Early life and career

Stratford Hall, Westmoreland County
the family seat, Lee's birthplace
Oronoco Street, Alexandria, Virginia
"Lee Corner" properties

Lee was born at Stratford Hall Plantation in Westmoreland County, Virginia, to Major General Henry Lee III (Light Horse Harry) (1756–1818), Governor of Virginia, and his second wife, Anne Hill Carter (1773–1829). His birth date has traditionally been recorded as January 19, 1807, but according to the historian Elizabeth Brown Pryor, "Lee's writings indicate he may have been born the previous year."[14]

One of Lee's great grandparents, Henry Lee I, was a prominent Virginian colonist of English descent.[15] Lee's family is one of Virginia's first families, descended from Richard Lee I, Esq., "the Immigrant" (1618–64), from the county of Shropshire in England.[16]

Lee's mother grew up at Shirley Plantation, one of the most elegant homes in Virginia.[17] Lee's father, a tobacco planter, suffered severe financial reverses from failed investments.[18]

Little is known of Lee as a child; he rarely spoke of his boyhood as an adult.[19] Nothing is known of his relationship with his father who, after leaving his family, mentioned Robert only once in a letter. When given the opportunity to visit his father's Georgia grave, he remained there only briefly; yet, during his time as president of Washington College, he defended his father in a biographical sketch while editing Light Horse Harry's memoirs.[20]

Coat of Arms of Robert E. Lee

In 1809, Harry Lee was put in debtors prison; soon after his release the following year, Harry and Anne Lee and their five children moved to a small house on Cameron Street in Alexandria, Virginia, both because there were then high quality local schools there, and because several members of her extended family lived nearby.[21] In 1811, the family, including the newly born sixth child, Mildred, moved to a house on Oronoco Street, still close to the center of town and with the houses of a number of Lee relatives close by.[22]

In 1812, Harry Lee was badly injured in a political riot in Baltimore and traveled to the West Indies. He would never return, dying when his son Robert was eleven years old.[23] Left to raise six children alone in straitened circumstances, Anne Lee and her family often paid extended visits to relatives and family friends.[24] Robert Lee attended school at Eastern View, a school for young gentlemen, in Fauquier County, and then at the Alexandria Academy, free for local boys, where he showed an aptitude for mathematics. Although brought up to be a practicing Christian, he was not confirmed in the Episcopal Church until age 46.[25]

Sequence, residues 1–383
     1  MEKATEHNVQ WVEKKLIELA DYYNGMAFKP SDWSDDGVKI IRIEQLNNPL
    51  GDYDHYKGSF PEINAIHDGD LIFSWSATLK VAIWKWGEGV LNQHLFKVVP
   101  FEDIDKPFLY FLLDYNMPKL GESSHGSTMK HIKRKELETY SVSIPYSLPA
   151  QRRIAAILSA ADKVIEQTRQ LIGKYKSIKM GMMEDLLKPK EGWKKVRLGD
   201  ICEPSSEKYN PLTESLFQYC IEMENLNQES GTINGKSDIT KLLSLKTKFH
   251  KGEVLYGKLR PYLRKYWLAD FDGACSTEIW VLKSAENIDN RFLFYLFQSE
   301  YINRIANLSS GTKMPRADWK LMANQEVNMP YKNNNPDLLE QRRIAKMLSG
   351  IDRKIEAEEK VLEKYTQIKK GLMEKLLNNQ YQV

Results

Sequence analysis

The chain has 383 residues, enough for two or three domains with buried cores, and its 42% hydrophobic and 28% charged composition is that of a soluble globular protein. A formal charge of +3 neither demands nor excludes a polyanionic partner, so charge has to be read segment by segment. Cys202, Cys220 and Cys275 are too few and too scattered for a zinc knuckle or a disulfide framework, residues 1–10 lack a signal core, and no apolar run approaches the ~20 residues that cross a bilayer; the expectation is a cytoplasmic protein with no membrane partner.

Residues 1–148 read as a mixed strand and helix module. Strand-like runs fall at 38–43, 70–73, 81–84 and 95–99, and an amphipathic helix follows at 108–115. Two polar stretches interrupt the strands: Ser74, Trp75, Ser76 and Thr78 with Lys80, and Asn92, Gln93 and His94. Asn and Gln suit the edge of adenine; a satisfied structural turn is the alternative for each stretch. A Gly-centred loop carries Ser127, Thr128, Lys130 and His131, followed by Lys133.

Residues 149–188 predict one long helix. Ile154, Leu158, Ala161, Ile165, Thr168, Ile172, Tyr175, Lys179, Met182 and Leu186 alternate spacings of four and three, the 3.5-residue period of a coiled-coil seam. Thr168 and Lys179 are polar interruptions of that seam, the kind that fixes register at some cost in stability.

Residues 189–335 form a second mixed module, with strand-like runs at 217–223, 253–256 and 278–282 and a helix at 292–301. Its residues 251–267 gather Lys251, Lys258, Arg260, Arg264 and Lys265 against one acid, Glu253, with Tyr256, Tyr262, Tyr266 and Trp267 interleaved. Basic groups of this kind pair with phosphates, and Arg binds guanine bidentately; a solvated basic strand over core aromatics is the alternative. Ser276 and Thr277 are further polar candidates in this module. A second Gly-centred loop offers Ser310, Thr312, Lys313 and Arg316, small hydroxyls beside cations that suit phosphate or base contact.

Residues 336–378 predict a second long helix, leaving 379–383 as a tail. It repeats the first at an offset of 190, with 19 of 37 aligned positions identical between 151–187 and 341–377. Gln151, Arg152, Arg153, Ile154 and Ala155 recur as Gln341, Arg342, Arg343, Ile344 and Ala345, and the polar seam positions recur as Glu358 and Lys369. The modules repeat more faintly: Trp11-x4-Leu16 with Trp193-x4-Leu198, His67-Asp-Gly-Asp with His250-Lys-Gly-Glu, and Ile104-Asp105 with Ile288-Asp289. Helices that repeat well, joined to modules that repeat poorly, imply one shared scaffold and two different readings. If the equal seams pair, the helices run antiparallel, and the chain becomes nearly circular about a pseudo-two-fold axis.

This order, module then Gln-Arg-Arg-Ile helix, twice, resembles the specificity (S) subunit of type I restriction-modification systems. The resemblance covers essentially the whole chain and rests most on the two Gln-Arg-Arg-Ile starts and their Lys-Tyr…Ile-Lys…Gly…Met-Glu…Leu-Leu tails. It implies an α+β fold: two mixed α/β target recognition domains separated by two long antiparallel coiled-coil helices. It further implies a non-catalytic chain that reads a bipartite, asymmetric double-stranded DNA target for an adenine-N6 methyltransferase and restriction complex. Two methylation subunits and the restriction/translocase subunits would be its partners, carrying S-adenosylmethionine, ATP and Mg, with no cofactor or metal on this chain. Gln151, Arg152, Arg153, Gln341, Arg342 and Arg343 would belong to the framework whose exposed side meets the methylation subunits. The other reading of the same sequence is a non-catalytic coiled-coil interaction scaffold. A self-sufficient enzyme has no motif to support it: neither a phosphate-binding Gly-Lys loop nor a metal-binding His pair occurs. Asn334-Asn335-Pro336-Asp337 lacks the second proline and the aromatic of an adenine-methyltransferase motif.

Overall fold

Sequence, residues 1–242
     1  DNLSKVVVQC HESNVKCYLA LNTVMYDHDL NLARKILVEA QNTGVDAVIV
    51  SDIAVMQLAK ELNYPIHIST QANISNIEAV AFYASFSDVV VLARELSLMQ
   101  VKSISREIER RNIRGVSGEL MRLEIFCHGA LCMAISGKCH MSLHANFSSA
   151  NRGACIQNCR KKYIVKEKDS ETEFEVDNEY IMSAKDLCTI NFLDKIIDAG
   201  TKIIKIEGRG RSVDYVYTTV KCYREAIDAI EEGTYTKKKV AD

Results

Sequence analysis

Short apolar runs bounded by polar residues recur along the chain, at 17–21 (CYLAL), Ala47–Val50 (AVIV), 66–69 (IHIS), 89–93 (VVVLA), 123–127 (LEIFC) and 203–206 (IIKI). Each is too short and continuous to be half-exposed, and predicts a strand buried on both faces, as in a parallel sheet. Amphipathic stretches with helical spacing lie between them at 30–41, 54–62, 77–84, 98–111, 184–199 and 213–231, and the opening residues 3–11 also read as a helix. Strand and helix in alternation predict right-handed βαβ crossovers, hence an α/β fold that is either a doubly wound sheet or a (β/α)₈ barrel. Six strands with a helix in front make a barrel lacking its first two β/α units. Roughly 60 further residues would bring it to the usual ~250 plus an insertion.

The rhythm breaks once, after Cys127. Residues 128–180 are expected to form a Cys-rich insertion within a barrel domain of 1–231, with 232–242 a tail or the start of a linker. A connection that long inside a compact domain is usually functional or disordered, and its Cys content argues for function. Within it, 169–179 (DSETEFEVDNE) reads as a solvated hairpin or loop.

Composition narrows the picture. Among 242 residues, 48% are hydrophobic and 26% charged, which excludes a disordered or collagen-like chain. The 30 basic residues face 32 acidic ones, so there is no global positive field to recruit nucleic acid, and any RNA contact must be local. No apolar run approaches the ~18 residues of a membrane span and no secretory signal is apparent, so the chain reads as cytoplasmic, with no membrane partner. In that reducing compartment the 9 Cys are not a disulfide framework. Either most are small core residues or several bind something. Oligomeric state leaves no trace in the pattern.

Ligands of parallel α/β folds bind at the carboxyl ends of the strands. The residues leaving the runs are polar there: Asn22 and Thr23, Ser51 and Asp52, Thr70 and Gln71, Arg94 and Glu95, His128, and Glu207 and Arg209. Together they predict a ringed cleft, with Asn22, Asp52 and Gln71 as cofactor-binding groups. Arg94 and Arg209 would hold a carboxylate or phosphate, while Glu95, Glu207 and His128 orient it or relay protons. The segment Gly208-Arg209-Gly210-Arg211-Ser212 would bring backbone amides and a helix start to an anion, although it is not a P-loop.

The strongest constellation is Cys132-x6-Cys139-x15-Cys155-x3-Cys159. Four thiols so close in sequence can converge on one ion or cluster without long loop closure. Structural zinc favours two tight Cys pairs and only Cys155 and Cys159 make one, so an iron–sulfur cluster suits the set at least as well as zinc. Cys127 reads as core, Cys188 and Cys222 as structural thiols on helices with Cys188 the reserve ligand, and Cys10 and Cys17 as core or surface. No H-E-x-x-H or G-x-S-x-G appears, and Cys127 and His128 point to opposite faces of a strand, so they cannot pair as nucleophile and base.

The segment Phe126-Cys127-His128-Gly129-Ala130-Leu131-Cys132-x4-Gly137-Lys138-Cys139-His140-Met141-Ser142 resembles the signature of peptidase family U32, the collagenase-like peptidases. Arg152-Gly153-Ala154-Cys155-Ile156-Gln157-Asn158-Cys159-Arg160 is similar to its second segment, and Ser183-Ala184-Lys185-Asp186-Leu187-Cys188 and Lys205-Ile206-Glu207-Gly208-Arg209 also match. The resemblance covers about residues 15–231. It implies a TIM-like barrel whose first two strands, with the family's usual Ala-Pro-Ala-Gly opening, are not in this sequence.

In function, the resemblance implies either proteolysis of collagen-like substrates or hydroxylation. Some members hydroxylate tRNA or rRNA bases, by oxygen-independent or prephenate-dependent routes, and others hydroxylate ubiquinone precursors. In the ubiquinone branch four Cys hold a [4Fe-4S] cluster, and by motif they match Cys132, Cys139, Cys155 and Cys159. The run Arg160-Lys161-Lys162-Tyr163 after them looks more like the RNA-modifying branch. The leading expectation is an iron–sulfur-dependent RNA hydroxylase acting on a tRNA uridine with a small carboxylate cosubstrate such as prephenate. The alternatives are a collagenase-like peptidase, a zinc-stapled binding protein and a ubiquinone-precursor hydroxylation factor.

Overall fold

Anne Lee's family was often supported by a relative, William Henry Fitzhugh, who owned the Oronoco Street house and allowed the Lees to stay at his home in Fairfax County, Ravensworth. When Robert was 17 in 1824, Fitzhugh wrote to the Secretary of War, John C. Calhoun, urging that Robert be given an appointment to the United States Military Academy at West Point. Fitzhugh wrote little of Robert's academic prowess, dwelling much on the prominence of his family, and erroneously stated the boy was 18. Instead of mailing the letter, Fitzhugh had young Robert deliver it.[26] In March 1824, Robert Lee received his appointment to West Point, but due to the large number of cadets admitted, Lee would have to wait a year to begin his studies there.[27][citation not found]

Lee entered West Point in the summer of 1825. At the time, the focus of the curriculum was engineering; the head of the Army Corps of Engineers supervised the school and the superintendent was an engineering officer. Cadets were not permitted leave until they had finished two years of study, and were rarely allowed off the Academy grounds. Lee graduated second in his class, behind only Charles Mason,[28] (who resigned from the Army a year after graduation). Lee did not incur any demerits during his four-year course of study, a distinction shared by five of his 45 classmates. In June 1829, Lee was commissioned a brevet second lieutenant in the Corps of Engineers.[29] After graduation, while awaiting assignment, he returned to Virginia to find his mother on her deathbed; she died at Ravensworth on July 26, 1829.[30]

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文言: 李羅拔